Q&A: In Gen Z lingo, ‘electric’ is cool and ‘fire’ is good

Kelly King, author and brand strategist (photo courtesy of Kelly King)

Kelly King is a brand strategist who founded the 80/20 Agency, a Bloomington ad firm with the slogan, “Old school smarts and new media minds.”

“I’m the old school smarts, along with my creative director,” she told IBJ. “And then we’re staffed by freelancers who are mostly millennials and Gen Z, and also interns.”

IBJ talked with King about her new book, “The Gen Z Dictionary,” about the generation born between 1997 and 2012.

Why did you write “The Gen Z Dictionary”?

It started as just a spreadsheet of words. I was working with all these young whippersnappers, and they would have this lingo. And I have two children, who are both Gen Zers.

Then I had to do a presentation for an energy conference down at French Lick, and they wanted me to speak about … Gen Z. And so, I thought, “What can I do that would be extra special?” And I thought, “Gosh, I should share all these words, and this lingo.” And then I said, “Hey guys, we’re going to crank out a dictionary, really quick.”

And then during the rest of 2019 and ‘20, we fine-tuned it. And now it’s on Amazon.

What are some words or phrases the book defines?

This is a funny one, because I had no idea—to “beat my face.”

What does that mean?

To put on makeup. I think it’s from when you use that little sponge thing to apply it. When you hear it, it’s like, “Oh yeah, that makes total sense.”

Do you know what, electric is? “That’s electric.” It’s another word for cool. There’s a whole bunch of cool words.

“That slaps” is a term, that’s kind of like cool. But they tend to use that with music. Like, “That Celine Dion song, that really slaps.”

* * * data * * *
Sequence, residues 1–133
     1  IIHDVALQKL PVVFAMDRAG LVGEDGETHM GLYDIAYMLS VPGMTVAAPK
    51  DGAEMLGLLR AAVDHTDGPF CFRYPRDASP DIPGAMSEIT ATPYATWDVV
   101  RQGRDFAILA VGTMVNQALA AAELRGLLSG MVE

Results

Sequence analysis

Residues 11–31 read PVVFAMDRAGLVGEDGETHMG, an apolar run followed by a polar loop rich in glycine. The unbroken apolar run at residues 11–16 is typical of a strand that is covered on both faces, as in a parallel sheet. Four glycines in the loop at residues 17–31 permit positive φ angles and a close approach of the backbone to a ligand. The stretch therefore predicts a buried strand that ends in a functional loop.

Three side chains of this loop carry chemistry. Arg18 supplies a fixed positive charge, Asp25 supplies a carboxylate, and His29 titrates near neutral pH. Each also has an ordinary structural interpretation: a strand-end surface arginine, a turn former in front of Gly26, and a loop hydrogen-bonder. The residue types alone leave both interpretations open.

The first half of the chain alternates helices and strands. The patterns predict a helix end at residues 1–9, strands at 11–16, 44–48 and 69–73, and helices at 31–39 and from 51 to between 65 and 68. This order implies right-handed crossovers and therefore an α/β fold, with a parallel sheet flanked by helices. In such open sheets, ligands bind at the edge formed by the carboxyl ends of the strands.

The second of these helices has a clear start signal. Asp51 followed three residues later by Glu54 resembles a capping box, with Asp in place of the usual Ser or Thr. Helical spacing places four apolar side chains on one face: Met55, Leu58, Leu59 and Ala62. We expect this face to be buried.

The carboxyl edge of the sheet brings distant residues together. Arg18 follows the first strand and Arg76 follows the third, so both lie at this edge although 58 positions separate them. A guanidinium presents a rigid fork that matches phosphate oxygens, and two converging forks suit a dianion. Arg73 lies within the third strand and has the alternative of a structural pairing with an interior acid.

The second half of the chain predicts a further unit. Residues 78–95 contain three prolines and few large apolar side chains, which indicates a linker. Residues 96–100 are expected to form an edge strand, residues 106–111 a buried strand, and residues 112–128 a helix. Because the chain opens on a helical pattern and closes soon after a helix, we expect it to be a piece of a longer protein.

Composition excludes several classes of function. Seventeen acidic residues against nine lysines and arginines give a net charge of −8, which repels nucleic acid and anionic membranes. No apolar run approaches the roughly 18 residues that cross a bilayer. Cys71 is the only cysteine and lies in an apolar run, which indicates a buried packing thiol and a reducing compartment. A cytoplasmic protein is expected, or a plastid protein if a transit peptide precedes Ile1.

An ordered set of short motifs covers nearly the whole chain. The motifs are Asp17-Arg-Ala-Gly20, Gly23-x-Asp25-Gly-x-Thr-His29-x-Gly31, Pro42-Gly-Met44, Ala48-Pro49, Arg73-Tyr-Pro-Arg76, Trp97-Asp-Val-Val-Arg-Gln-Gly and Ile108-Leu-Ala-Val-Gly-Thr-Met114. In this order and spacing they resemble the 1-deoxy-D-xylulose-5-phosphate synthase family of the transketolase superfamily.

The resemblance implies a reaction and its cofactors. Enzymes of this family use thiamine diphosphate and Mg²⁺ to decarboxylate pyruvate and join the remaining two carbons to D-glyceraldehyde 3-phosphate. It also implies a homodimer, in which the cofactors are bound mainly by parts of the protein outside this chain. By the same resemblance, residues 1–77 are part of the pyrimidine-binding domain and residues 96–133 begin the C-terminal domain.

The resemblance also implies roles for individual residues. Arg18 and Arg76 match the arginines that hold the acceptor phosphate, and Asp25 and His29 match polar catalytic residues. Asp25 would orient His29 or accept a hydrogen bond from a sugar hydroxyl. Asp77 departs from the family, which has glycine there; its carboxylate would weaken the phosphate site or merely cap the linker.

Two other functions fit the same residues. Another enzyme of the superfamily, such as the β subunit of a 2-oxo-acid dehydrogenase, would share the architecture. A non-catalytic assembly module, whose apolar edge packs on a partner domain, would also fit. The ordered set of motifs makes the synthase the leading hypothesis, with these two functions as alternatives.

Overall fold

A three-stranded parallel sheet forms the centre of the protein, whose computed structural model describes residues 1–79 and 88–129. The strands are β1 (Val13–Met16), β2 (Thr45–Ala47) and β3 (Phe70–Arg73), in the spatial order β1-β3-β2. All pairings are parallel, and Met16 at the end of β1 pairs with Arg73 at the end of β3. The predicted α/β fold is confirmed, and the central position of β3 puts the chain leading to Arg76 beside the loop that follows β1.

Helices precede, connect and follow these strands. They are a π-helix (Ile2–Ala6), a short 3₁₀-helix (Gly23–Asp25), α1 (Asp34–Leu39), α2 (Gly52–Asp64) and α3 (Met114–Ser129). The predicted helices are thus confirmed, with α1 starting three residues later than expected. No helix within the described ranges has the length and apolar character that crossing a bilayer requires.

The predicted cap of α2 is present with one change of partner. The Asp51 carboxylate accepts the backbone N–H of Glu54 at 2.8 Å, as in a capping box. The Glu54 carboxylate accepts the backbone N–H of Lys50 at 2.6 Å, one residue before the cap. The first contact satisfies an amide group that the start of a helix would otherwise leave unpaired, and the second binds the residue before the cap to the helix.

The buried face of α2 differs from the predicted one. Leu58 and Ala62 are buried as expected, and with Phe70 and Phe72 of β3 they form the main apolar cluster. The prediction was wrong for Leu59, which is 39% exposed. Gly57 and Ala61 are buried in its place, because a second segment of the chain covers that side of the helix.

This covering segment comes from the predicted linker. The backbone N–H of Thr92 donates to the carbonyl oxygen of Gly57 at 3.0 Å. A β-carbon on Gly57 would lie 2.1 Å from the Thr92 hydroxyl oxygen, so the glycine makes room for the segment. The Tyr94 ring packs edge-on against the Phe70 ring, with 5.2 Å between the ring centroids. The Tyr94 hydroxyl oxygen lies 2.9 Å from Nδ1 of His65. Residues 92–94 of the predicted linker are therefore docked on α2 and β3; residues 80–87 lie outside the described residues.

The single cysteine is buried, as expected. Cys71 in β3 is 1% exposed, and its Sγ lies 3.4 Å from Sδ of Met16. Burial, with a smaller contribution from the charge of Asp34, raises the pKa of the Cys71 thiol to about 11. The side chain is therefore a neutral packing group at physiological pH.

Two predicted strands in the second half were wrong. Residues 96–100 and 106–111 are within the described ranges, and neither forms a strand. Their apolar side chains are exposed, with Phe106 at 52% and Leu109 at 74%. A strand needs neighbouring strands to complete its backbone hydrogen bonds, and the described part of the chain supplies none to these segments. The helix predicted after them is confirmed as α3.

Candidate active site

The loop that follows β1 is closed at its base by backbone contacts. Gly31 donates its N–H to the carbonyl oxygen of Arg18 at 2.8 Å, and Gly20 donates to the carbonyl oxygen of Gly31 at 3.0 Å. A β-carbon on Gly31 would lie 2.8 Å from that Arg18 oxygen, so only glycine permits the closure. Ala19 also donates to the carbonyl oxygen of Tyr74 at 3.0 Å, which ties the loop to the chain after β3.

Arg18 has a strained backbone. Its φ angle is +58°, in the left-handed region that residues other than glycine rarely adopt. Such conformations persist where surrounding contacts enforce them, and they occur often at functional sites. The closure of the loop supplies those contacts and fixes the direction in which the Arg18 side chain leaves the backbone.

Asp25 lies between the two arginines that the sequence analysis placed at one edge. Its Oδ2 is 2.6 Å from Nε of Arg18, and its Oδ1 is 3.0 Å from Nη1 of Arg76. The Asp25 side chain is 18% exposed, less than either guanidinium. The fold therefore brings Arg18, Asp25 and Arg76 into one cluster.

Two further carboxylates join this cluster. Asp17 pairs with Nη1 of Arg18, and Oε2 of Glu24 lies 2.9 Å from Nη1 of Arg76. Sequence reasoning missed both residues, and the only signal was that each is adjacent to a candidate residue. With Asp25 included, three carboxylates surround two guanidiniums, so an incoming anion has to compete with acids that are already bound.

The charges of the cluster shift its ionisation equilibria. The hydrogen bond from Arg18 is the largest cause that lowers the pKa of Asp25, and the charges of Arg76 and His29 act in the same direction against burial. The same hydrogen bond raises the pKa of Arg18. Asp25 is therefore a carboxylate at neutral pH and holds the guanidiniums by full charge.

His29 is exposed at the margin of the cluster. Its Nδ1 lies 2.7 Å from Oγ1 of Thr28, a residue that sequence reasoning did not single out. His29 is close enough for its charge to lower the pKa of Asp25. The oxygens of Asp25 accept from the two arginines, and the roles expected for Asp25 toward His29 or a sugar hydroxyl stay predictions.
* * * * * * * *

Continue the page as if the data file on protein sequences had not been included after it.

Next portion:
The funny thing about the dictionary is it uses sentences that kind of are connected to Baby Boomers. So, “These Triscuits are fire.” Fire means great. But the sentence is about Triscuits.

Like referring to Celine Dion?

Right. And that’s what makes it even funnier.

One more.

This is a good one. When you’ve “got receipts?” It means you have proof. So, if you catch someone talking to another girl, you say, “Well, I’ve got receipts.”

Was your goal to write a humorous book?

The goal is really just to be able to connect with Gen Z. That’s my expertise, in knowing this audience, and there’s just so much to know about this generation. And now it’s the largest generation. I think it’s over 50% of the population.

This generation is just fascinating because they’re … considered to be like the next Greatest Generation. … They’re socially liberal, fiscally conservative, they’re risk averse. They’re hardworking, honest and much different than [the] stereotypes for millennials before them.

A lot of people in older generations seem to think that younger generations need to adapt to them. What is your reaction to that?

I am completely the opposite. I am so impressed by this generation, and even how they have a higher standard for the brands they buy. Like when I was young, I bought Nikes because I wanted to look cool and they were the coolest brand. Well, now kids hold brands to a higher standard—of being socially conscious. What do they stand for? How are they being philanthropic? It’s incredible.

Have you thought about creating a dictionary to help Gen Zers understand the rest of us?

I have not. In all honesty, it would never sell.•

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